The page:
The invitation read “Join your fellow MATHackers on UCT campus for a late-night pizza party and get your code on!”
The group of three, Nicane September, Ryan Hansen and Nickilese Van der Walt seized the opportunity to enter the MATHack WC 2022, a 24- hour coding challenge for universities and colleges of the Western Cape and won second prize.
They placed themselves firmly in the spotlight with team name ‘404 Not Found’.
MATHack 2022 asked for teams of 2-4 people or individuals to sign up. They were required to use MATLAB, a programming and numeric computing platform used by engineers and scientists to analyse data, develop algorithms, and create models.
Applicants could enter whether they had no experience or advanced skills. In our department we provide our students with access to MATLAB. Our team entered at intermediate/advanced level as they were familiar with the syntax from class.
The task was to use code to help small businesses in South Africa in the wake of COVID-19. The team had to submit the code, a 3-slide presentation and a 120 second video within 24 hours.
The group decided to assess the viability of starting a small coffee shop business, with the focus on the Stellenbosch Central area. The analysis tool they used was in the form of a MATLAB live script that prompts the user for info of a start-up as input, analyses these properties against an established criterion, and generates a viability score as a percentage to indicate the viability of the start-up being successful under the given conditions.
Nickilese, who organized the team is a second year Mechatronics student. Asked what her passions are, she says “I love the ocean, music, and making art. I spend my free time falling off my bicycle, procrastinating, watching Studio C, drinking coffee, and making music.” This muso has a YouTube channel and as of last month she is on Spotify, Apple music, Deezer etc. “I really enjoy the programming side of things. So, when I saw there was a MATLAB competition, I immediately told Ryan and Nicane, and we entered.”
Nickilese says “Everything that could go wrong, did go wrong. Uber issues, the accommodation booking was incomplete, we got lost, load shedding, horrible bathrooms, and no coffee shops in sight. Instead of the promised pizzas they had to settle for Uber Eats. But despite this, we went on to program in the dark with cans of sprite and milkshakes as fuel.”
“We, (Nicane and I) tried object-orientated programming for the first time, which was very interesting to use in MATLAB. “says Nickilese.
“The highlight for us was, we got MATLAB Rubik’s cubes, socks, and Nicane got an orange MATLAB backpack to match his Eendrag (men’s student residence) heritage.”
“The speakers were very interesting – a professor spoke about his research involving measuring the movement of cheetahs and translating this to use in robotics” she says.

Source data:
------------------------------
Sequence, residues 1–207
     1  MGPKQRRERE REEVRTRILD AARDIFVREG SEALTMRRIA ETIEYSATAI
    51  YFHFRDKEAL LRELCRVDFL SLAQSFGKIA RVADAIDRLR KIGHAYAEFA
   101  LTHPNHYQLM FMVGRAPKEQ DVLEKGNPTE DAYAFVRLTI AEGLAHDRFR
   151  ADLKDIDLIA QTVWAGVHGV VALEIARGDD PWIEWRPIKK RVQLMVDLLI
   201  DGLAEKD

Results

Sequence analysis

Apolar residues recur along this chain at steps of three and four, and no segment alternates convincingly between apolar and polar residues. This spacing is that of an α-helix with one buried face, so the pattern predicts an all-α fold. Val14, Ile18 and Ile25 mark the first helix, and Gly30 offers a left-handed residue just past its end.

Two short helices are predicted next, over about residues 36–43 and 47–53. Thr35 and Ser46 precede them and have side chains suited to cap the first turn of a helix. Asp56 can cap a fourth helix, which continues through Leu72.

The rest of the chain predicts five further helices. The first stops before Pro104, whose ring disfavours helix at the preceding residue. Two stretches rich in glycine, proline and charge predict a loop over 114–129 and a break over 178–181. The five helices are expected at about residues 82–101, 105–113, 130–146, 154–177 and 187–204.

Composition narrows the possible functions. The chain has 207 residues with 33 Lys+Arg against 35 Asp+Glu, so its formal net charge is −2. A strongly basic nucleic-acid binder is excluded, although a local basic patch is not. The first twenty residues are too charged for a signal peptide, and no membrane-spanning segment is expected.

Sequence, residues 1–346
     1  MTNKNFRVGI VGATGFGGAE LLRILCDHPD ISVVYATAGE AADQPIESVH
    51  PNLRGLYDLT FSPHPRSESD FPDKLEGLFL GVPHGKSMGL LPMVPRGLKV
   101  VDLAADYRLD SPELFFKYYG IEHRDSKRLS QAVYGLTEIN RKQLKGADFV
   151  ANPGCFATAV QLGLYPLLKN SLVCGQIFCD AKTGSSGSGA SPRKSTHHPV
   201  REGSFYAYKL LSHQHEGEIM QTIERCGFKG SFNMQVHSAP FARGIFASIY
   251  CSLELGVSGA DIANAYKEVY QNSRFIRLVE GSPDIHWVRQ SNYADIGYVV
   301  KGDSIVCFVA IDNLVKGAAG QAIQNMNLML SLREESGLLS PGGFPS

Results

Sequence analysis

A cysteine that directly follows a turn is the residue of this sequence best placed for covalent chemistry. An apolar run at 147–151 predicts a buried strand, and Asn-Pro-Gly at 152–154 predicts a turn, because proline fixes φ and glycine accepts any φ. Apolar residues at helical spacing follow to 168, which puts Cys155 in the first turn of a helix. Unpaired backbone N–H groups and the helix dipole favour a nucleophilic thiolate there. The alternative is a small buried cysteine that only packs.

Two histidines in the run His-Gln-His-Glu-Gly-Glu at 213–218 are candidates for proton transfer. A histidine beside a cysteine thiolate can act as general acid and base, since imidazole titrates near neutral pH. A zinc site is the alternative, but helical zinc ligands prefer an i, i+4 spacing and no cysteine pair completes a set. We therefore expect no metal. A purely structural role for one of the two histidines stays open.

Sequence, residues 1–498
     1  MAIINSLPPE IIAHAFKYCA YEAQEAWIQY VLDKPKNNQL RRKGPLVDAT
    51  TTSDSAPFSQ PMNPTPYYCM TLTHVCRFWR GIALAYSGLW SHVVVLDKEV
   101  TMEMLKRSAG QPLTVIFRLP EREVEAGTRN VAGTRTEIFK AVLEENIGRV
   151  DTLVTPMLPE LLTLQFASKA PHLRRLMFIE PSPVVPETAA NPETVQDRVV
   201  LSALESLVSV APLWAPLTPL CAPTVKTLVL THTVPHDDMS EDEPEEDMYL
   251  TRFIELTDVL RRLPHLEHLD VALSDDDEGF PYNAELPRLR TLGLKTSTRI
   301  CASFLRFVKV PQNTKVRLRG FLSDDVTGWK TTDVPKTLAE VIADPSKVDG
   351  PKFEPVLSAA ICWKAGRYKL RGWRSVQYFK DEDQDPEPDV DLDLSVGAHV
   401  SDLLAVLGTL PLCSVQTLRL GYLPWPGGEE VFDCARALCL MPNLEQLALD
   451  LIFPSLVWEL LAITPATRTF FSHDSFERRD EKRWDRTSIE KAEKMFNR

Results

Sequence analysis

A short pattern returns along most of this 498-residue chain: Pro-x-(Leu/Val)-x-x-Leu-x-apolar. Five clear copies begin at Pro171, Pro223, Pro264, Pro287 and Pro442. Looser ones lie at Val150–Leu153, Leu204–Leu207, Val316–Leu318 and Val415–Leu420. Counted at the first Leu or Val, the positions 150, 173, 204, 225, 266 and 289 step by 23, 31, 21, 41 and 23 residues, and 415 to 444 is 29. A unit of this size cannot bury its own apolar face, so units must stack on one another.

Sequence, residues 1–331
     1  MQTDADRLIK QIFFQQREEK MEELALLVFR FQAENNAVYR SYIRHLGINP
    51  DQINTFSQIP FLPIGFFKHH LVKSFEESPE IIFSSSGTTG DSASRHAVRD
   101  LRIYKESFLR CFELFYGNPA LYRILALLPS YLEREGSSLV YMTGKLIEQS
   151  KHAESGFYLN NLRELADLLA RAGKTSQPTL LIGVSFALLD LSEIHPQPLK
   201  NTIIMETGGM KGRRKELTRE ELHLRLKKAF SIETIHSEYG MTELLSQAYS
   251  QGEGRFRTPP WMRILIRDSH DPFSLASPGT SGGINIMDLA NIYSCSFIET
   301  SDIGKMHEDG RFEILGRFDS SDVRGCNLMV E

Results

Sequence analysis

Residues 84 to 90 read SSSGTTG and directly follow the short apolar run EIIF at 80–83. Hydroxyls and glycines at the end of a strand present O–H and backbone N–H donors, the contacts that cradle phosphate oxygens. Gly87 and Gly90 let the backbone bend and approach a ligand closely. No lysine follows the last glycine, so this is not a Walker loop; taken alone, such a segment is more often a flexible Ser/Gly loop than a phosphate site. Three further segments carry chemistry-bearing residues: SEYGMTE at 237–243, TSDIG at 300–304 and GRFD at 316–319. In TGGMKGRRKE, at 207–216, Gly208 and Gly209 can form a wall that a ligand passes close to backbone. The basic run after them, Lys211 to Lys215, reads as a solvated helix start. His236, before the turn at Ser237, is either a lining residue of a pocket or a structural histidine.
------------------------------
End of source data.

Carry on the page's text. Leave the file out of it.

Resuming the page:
“The MATLAB competition was a great experience,” says second year Mechanical Engineering student, Nicane. “During the semester, I did not expect to use MATLAB past mathematical coding for my modules. But the competition really opened my eyes to the opportunities available in the working industry. It demonstrated the kind of real-world problems that businesses must solve as well as the problems that employees must face such as load shedding and other unexpected curveballs.”
Nicane who also has an on-off relationship with gym says “The MATLAB competition has made me think of Mechatronics as a possible option for my future. I went from thinking that I could not do much programming and that programming was hard, to learning quite a bit of information and enjoying the process of coding. I love learning random tricks that might not be useful but are cool to show others.”
“Some great memories were made during the weekend, including both the unfortunate events of load shedding and the enjoyment of being with the team” he says.
“The highlight for me was finding out the different ideas that the other teams came up with. Each idea was so unique and offered a functional way to solve various problems.”
The third member of the team, Ryan Hansen, a BSc student, formerly from KwaZulu Natal says he developed an unexpected love for programming after deciding to take it as an elective in his 1st year. He enjoys reading, hanging out with friends and as of recently, making music.
Asked about the competition, Ryan says “We did not expect to deal with so many hiccups. Thankfully, we found our groove as a team. From afternoon to late at night and then again in the early morning, we developed our concept, coded, created databases, and learned about new MATLAB functions and features along the way.”
“After intense A1’s and a relaxing holiday, we grew excited for the competition. After much prayer, and to our pleasant surprise, we came 2nd, the runner ups to another Stellenbosch team. GO MATIES! We left feeling accomplished and filled with team pride (and a fun score of MATLAB merch).”
Well done guys!!